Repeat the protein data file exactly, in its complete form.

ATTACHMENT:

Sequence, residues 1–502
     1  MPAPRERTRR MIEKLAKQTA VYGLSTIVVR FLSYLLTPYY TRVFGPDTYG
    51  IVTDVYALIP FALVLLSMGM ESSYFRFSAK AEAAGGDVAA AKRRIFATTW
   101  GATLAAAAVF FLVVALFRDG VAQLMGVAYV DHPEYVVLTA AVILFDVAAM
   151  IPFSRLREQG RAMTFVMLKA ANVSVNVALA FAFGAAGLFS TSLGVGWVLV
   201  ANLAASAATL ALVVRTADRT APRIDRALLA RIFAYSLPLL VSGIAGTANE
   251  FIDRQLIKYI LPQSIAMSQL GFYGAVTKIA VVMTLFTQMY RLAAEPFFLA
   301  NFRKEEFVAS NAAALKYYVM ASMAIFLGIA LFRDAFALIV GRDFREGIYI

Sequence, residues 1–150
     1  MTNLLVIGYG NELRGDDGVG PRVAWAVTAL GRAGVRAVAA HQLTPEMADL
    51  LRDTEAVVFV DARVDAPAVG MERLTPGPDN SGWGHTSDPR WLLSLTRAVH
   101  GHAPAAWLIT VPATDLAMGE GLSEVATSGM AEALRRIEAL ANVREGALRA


Sequence, residues 1–502
     1  MPAPRERTRR MIEKLAKQTA VYGLSTIVVR FLSYLLTPYY TRVFGPDTYG
    51  IVTDVYALIP FALVLLSMGM ESSYFRFSAK AEAAGGDVAA AKRRIFATTW
   101  GATLAAAAVF FLVVALFRDG VAQLMGVAYV DHPEYVVLTA AVILFDVAAM
   151  IPFSRLREQG RAMTFVMLKA ANVSVNVALA FAFGAAGLFS TSLGVGWVLV
   201  ANLAASAATL ALVVRTADRT APRIDRALLA RIFAYSLPLL VSGIAGTANE
   251  FIDRQLIKYI LPQSIAMSQL GFYGAVTKIA VVMTLFTQMY RLAAEPFFLA
   301  NFRKEEFVAS NAAALKYYVM ASMAIFLGIA LFRDAFALIV GRDFREGIYI

Sequence, residues 1–150
     1  MTNLLVIGYG NELRGDDGVG PRVAWAVTAL GRAGVRAVAA HQLTPEMADL
    51  LRDTEAVVFV DARVDAPAVG MERLTPGPDN SGWGHTSDPR WLLSLTRAVH
   101  GHAPAAWLIT VPATDLAMGE GLSEVATSGM AEALRRIEAL ANVREGALRA